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How read it later apps help you consume better content

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Even if you’re a fairly organised person, I’m sure you’ve had plenty of times – as have I – where you find yourself with 50 browser tabs open with loads of things you want to read, or do something with. You rarely have the time to deal with them right there and then.

There are plenty of apps that can help you with tab overwhelm, but my personal favourite method is saving things in a ‘read it later’ app. The most popular read it later apps are Pocket and Instapaper. If you haven’t used one before, they work as a browser plugin that lets you click to save a whole webpage – articles, videos and more – to an app, so you can come back to it on your own schedule.

Read it later apps save you from having tonnes of browser tabs open, bookmarks saved, or email newsletters sat in your inbox. In other words, they consolidate different areas you might save things to consume. This saves you from being distracted and overwhelmed by the number of ‘open loops’ in your mind.

There are other benefits too, like highlighting and notes, removing ads, converting text to speech, and being able to read stuff offline. Both Pocket and Instapaper also publish newsletters, with a list of the most popular articles that have been saved.

But the most important benefit of these apps is in improving the quality of content you consume. Here’s how.

It’s important to age what you consume

As with food, it’s not always best to binge-consume all the content you come across, as you find it. I don’t necessarily mean consuming stuff ages after it was published (although that can be a good thing), but putting some distance between the time you come across it, and the time you come to read, watch, or listen to it. This is important for three reasons.

Firstly, it removes you from the state you were in when you opened it. I usually save stuff to read later when I’m trying to sort through loads of inviting possibilities. In that state, it’s easy to click on things that seem interesting because they’re dressed up with a clickbaity title or a nice graphic. Often we’re so overwhelmed with decision fatigue that it’s easier to say ‘yes’ than turn down the possibility of missing out on something.

But when compared with everything else in your read it later app – which you’ve already selected as being interesting – the new content won’t seem as seductive. Plus, read it later apps often strip out the ads that distract you in the web versions. When you come to review it later, you make a more dispassionate, rational decision about whether it’s worth reading or not.

The second benefit is that it saves you from things with a short shelf-life. This is most useful for avoiding getting too sucked into current affairs. If you come to a news story three days after it broke, there’s every chance it will have been overtaken by events. You’re thus less likely to waste time getting sucked into old news. In effect, you’re avoiding things that are urgent but not important.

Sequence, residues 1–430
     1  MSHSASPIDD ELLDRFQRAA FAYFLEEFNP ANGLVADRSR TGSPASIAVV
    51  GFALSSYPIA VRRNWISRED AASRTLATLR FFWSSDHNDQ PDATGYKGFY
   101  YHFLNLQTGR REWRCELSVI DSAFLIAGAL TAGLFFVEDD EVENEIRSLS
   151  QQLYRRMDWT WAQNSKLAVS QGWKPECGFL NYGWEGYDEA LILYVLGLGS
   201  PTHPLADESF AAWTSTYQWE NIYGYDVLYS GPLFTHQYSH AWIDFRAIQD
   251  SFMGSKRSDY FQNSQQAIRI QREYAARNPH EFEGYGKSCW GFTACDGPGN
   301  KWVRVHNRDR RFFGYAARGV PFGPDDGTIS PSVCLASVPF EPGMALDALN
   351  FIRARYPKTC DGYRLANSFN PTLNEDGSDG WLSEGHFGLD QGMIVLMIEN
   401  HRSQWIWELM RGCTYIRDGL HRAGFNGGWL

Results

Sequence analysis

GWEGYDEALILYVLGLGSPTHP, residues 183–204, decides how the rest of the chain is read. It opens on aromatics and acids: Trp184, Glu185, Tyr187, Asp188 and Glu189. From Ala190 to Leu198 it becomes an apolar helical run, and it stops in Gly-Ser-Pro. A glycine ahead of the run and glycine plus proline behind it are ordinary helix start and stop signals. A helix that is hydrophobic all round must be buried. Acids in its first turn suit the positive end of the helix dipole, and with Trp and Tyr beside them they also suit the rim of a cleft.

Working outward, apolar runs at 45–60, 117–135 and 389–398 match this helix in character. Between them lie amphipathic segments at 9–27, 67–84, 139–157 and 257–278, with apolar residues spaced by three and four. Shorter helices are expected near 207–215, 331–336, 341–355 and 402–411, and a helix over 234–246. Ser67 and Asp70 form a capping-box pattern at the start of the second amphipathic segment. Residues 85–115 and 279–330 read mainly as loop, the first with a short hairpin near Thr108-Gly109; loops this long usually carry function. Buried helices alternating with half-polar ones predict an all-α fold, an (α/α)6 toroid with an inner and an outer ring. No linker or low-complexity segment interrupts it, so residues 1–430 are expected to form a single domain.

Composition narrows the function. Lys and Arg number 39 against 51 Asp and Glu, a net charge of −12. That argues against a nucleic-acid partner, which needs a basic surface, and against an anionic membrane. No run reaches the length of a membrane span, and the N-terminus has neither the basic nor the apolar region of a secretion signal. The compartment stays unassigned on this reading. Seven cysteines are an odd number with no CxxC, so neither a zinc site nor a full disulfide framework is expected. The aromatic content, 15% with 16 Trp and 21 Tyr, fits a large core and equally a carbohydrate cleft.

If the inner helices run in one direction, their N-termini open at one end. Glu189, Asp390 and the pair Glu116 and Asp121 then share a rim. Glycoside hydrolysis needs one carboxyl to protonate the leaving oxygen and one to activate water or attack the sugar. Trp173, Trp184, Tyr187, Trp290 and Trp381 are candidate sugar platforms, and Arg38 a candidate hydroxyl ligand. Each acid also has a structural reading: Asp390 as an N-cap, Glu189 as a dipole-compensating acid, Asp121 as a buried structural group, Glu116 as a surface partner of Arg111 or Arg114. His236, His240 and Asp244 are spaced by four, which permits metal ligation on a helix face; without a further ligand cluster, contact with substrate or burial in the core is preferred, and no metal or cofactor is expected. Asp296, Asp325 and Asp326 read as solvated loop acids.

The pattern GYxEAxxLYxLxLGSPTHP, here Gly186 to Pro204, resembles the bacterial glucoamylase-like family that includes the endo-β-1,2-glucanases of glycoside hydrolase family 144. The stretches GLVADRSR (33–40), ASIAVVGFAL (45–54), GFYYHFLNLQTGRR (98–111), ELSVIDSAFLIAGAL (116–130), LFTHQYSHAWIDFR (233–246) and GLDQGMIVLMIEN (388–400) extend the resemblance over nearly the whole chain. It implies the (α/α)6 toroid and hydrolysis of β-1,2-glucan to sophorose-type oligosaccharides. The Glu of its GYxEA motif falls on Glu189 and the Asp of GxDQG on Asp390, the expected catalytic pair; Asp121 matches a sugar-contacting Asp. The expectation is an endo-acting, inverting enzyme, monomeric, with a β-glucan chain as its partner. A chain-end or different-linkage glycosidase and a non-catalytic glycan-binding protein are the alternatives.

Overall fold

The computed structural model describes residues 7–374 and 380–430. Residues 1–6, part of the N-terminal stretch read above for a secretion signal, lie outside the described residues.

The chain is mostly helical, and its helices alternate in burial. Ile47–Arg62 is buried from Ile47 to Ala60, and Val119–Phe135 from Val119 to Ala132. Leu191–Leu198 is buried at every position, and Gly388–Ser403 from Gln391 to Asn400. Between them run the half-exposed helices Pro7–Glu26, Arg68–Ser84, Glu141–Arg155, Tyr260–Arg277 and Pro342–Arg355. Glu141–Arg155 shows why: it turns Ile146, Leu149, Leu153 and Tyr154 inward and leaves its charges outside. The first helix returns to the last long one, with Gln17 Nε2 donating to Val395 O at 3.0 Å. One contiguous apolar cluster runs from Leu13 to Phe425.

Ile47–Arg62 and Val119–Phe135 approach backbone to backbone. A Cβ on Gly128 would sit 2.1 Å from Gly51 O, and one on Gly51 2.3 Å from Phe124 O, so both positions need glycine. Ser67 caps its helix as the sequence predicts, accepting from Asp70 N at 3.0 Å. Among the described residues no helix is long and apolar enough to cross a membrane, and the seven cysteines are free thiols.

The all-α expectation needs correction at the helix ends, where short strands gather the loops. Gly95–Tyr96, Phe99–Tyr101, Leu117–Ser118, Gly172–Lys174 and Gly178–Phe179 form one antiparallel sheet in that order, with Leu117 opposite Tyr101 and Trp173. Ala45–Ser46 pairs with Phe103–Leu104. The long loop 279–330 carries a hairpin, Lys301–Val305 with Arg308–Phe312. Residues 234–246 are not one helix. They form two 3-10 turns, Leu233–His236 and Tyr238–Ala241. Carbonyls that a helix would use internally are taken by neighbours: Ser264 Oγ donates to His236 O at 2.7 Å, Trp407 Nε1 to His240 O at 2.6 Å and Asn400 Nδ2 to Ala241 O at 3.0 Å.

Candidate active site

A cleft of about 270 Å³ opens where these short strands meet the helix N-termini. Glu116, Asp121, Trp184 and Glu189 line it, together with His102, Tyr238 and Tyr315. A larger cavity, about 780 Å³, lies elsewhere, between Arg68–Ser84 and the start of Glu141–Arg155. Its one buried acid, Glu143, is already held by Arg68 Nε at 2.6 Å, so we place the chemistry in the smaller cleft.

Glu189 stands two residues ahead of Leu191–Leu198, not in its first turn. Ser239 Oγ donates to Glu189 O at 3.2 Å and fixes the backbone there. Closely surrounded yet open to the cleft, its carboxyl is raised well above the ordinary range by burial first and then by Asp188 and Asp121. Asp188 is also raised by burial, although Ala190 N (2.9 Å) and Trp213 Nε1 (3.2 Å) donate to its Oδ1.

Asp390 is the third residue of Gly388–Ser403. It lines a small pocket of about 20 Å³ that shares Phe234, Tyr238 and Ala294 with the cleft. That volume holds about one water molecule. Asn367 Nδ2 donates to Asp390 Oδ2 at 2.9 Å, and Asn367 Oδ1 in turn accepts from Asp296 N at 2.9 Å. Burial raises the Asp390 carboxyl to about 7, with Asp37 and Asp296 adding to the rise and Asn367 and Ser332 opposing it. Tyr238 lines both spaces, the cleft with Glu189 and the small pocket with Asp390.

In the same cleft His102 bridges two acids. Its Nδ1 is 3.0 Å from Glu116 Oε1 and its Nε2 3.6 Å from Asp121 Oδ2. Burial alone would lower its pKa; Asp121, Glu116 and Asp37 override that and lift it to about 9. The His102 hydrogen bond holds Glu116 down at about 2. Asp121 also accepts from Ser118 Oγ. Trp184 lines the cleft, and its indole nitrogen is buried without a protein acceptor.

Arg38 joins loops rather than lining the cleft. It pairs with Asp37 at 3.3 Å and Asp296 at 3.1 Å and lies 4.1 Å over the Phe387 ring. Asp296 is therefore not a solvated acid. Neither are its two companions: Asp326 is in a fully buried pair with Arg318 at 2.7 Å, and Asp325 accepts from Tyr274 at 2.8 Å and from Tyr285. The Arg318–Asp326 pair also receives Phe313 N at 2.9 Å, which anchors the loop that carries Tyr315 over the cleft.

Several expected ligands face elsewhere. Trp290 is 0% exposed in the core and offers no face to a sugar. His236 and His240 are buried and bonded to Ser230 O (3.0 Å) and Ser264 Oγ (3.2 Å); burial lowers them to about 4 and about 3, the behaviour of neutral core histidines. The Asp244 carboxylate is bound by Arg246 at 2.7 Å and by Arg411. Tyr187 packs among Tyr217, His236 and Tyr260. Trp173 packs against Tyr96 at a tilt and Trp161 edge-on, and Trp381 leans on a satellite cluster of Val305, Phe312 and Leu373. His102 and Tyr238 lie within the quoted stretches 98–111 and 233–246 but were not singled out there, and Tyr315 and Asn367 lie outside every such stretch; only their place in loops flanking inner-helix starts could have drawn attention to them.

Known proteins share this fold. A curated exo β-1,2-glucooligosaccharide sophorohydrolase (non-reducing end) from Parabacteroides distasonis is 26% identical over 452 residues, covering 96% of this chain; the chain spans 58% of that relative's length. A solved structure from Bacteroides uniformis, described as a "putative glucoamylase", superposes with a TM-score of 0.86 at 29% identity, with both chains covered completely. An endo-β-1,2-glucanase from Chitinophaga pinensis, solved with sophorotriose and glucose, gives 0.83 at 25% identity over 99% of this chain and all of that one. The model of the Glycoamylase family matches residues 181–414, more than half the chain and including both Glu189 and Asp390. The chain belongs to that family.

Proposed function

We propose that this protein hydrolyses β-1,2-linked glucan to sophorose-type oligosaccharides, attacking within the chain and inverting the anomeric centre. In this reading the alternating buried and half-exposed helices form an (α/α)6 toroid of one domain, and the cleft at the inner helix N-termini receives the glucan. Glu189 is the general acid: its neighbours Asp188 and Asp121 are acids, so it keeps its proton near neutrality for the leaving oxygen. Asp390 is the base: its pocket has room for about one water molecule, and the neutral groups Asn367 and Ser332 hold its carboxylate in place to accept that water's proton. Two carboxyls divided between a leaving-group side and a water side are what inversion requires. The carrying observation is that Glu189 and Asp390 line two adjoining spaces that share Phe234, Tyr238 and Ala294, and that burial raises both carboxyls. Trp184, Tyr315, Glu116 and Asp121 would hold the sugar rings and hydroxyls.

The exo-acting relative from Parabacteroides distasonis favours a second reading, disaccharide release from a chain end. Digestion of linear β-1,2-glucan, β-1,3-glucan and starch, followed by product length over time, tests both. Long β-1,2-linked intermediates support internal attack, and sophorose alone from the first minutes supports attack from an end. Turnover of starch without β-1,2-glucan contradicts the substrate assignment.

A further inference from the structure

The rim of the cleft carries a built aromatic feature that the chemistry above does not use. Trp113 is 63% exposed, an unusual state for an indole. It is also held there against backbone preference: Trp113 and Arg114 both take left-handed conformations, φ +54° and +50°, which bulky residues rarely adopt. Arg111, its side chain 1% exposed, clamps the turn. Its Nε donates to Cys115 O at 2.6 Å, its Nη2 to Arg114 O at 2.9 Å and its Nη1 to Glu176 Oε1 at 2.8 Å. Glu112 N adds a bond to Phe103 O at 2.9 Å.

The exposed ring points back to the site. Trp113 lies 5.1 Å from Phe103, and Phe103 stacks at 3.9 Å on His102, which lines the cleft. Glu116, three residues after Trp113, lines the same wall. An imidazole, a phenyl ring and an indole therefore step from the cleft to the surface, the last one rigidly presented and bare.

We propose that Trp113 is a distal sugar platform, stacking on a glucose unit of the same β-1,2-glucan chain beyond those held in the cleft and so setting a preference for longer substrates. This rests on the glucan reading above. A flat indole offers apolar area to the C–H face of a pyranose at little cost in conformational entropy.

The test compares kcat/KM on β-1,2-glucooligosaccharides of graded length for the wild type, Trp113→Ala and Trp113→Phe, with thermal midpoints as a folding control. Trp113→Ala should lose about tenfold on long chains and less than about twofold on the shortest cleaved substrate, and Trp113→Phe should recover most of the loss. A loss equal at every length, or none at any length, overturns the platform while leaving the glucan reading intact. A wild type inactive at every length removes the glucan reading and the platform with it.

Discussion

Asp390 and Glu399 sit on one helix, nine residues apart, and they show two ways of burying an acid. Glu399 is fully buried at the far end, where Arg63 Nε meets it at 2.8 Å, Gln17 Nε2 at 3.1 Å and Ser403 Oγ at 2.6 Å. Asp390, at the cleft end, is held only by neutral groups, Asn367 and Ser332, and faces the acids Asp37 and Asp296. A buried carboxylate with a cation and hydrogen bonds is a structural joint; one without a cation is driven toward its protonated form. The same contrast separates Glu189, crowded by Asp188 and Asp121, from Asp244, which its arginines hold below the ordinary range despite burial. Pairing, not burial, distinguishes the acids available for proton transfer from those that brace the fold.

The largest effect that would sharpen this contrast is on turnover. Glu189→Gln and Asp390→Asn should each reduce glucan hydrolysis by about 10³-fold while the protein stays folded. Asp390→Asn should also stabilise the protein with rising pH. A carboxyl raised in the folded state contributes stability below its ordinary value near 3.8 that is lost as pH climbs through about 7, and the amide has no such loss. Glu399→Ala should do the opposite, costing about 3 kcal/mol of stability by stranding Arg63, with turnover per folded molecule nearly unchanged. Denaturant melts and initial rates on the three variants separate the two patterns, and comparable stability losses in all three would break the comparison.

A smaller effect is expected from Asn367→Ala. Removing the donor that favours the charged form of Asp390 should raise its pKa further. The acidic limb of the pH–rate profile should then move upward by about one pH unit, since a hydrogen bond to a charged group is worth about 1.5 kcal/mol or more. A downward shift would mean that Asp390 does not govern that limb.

The third benefit is that it saves you from things that aren’t actually important. Even with content that seems less time-bound, like explanations of things you’re learning, or in-depth articles on culture, having a time gap is helpful. Our knowledge compounds over time, and so something that seemed important to you a few months ago may no longer be so. You can thus save time by not having read it.

For example, you might have saved an article about how to set up your first blog, but have since learnt everything you need and already made a start. Or you could have thought it was important to understand the taxonomies of nu metal, but have grown out of that phase.

Given we’re constantly growing, there’s every chance that things you thought were important a few months ago are no longer worth spending your time on. What’s the chance that the last link you clicked on is actually the most important thing for you to consume right now?

How to make this work

This works best if you apply a low bar to things you save, and then review them in batches, when the time suits. This can be when you’ve got time between tasks, or when you have ‘dead’ time, like while you’re waiting in a queue.

To maintain a steady flow of quality incoming content, I set aside a time each week to read items in Pocket. I don’t read the most recent things I’ve saved, but apply a dose of randomness and pick out older things that take my fancy. I try to delete an (unread) article for every two I read.

But I don’t try to get to ‘inbox zero’, because I don’t view the items in there as obligations. Instead of them being ‘to dos’ or ‘to reads’, they’re options I get to choose from.

By reading on my own schedule, I make sure I have enough time to digest what I’m consuming, and make notes in my Second Brain*. And reading becomes an activity I look forward to, rather than a stressful way of getting rid of distracting browser tabs.

Next time you’re overwhelmed with stuff to read, take a minute to download your own read it later app, and save items for when you’re best able to manage them.

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